Earth grounding root vegetable are needed in the Autumn to sustain us through the winter time, while uplifting shoots, flowers and vegetables in the Spring are needed to energize us through the summer.

I believe one of the best way to connect with nature, earth and our true essence is through the food we eat and gratitude for this food every day.

Air, Earth, Ether, Fire and Water all work in perfect harmony to transform a seed into a vegetable, fruit or grain to nourish all living beings. To me this is magical. There is so much we can learn from nature and so much to be thankful to mother nature for.

As Indian society has grown and been influenced by the West, we are losing some of our culinary traditions. Do you see an interest for them among your peers? 

I see a highly detrimental Western influence of highly processed, toxic, convenience fast food corporations infiltrating many developing and developed countries.

Many developing countries are not provided enough basic education around healthy food, lifestyle and eating.

Its both sad and concerning that culinary traditions and cultures are fading away around the world.. These took centuries to develop and are now at a risk of becoming extinct, due to mass produced factory foods.

Among my peers I see the upward trends of farm to fork principles, as well as supporting more sustainable farming and growing practices. I believe more and more culinary leaders will be looking to the past for inspiration and reenacting age old culinary traditions.

India is a huge country with many regional cuisines. However what passes as Indian food in big restaurants abroad does not do justice to this diversity.  How do we get international chefs to be more interested in our cuisine?

Yes indeed, India is such a huge nation with an incredibly diverse culinary heritage.

The medium of Internet can connect the world. I think an online database of Authentic Indian cooks documenting and sharing classic recipes in a way international chefs and cooks can absorb the knowledge will be very popular and a great way to introduce more people to the diversity of Indian cuisine, people, history and culture.

Do you think that the spread of Yoga has been a big factor in people turning to vegetarianism?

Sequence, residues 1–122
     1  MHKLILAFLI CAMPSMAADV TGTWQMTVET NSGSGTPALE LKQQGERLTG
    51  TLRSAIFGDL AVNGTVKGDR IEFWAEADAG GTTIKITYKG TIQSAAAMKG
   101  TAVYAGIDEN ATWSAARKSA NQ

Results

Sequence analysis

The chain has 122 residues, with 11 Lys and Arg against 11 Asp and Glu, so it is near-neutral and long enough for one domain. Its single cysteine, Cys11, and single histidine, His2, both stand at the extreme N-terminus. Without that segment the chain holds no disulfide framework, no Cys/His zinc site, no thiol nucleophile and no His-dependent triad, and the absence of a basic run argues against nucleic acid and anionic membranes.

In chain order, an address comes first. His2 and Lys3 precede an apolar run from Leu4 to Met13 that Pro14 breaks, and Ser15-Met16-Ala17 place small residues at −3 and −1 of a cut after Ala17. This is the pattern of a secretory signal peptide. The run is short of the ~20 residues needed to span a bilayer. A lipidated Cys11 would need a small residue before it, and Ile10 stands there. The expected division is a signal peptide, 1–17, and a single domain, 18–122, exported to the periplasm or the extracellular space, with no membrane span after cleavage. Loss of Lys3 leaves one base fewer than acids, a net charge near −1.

Yes, I believe this started a wave. It made people stop and take note of their impact and bring more awareness to their actions. Yoga is getting more and more popular in the West, while developing all sorts of variations! We need more yoga teachers to inspire more people to embrace the Yogi lifestyle.

What are your favorite Indian recipes? What images and ideas of our country do they conjure up for you?

I love dals, chána masala, dosa, kitchari, curries, Indian breads.. Fresh chapati and naans!

Colour - diversity - depth of flavor - culture - history!

How Indians view vegetarian food is very different from how the West sees vegetarian food. https://www.hindustantimes.com/brunch/indian-and-western-vegetarians-look-for-entirely-different-things-in-meals/story-Vdi3L1R68B80Ae7DBebc6K.html. How do you negotiate this difference 

This is a great article and good example of cultural differences at play.

From living and cooking in Thailand for three years I've learnt that we cannot change peoples cultural love of their native food.

I've been fortunate to travel a lot on different culinary adventures: South Korea, China, India, Thailand, Malaysia, Singapore and all over Europe.  People have an emotional and cultural connection with the food they grew up eating and sharing with their families and friends.

Some people are open to trying new foods and some people are not.. They like to stick with the familiar flavors they feel safe and comfortable with.

It seems like Chef Alan Passard did not adapt the menu to suit his diners.. This is a slightly arrogant oversight. Chefs should cook for their guests. Not themselves!

'To make people happy, that's what cooking is all about'

I believe a more impactful concept for this dining event would have been in collaboration with a local chef in each regional area of India. They should have included local, regional and seasonal ingredients in a 3 Michelin star dining experience. More of a cross - cultural sharing experience.

In ancient India, the physician was also closely involved with the kitchen.  Especially in royal households. Do you see yourself as occupying a similar space?

Yes I do. I believe a well trained nutritional chef is as valuable (maybe even more valuable at times!) as a doctor. Prevention is better than the cure.

'It's not about the quantity of years in your life, it's more about the quality of life in your years'.

Life is about feeling good.

Eat good food = feel good.

Good nourishing food is the foundation of a happy life.

(Link here to his upcoming recipe Ebook Eat 2 Thrive. 35 delicious recipes everyone can enjoy: https://gumroad.com/holisticchefacademy#aiUZl  . Pictures Courtesy Jamie Raftery. Get his latest recipes at Healthy recipes for a happy life - Holistic Chef Academy  )